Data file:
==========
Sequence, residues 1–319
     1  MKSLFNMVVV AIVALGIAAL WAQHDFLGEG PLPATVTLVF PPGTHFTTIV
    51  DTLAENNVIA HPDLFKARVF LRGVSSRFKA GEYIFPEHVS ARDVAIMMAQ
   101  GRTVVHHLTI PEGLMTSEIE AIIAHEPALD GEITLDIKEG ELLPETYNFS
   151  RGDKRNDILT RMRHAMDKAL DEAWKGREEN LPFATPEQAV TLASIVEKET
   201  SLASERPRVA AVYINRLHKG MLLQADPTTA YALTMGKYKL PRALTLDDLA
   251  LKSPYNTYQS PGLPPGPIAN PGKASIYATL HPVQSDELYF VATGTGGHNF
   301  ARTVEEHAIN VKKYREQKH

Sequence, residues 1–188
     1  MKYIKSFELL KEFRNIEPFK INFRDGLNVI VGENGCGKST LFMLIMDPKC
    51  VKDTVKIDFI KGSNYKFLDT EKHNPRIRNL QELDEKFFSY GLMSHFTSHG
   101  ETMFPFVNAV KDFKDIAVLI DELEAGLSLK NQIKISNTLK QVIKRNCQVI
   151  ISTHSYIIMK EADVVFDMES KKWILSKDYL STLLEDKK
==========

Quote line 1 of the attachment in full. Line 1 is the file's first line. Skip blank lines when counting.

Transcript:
Sequence, residues 1–319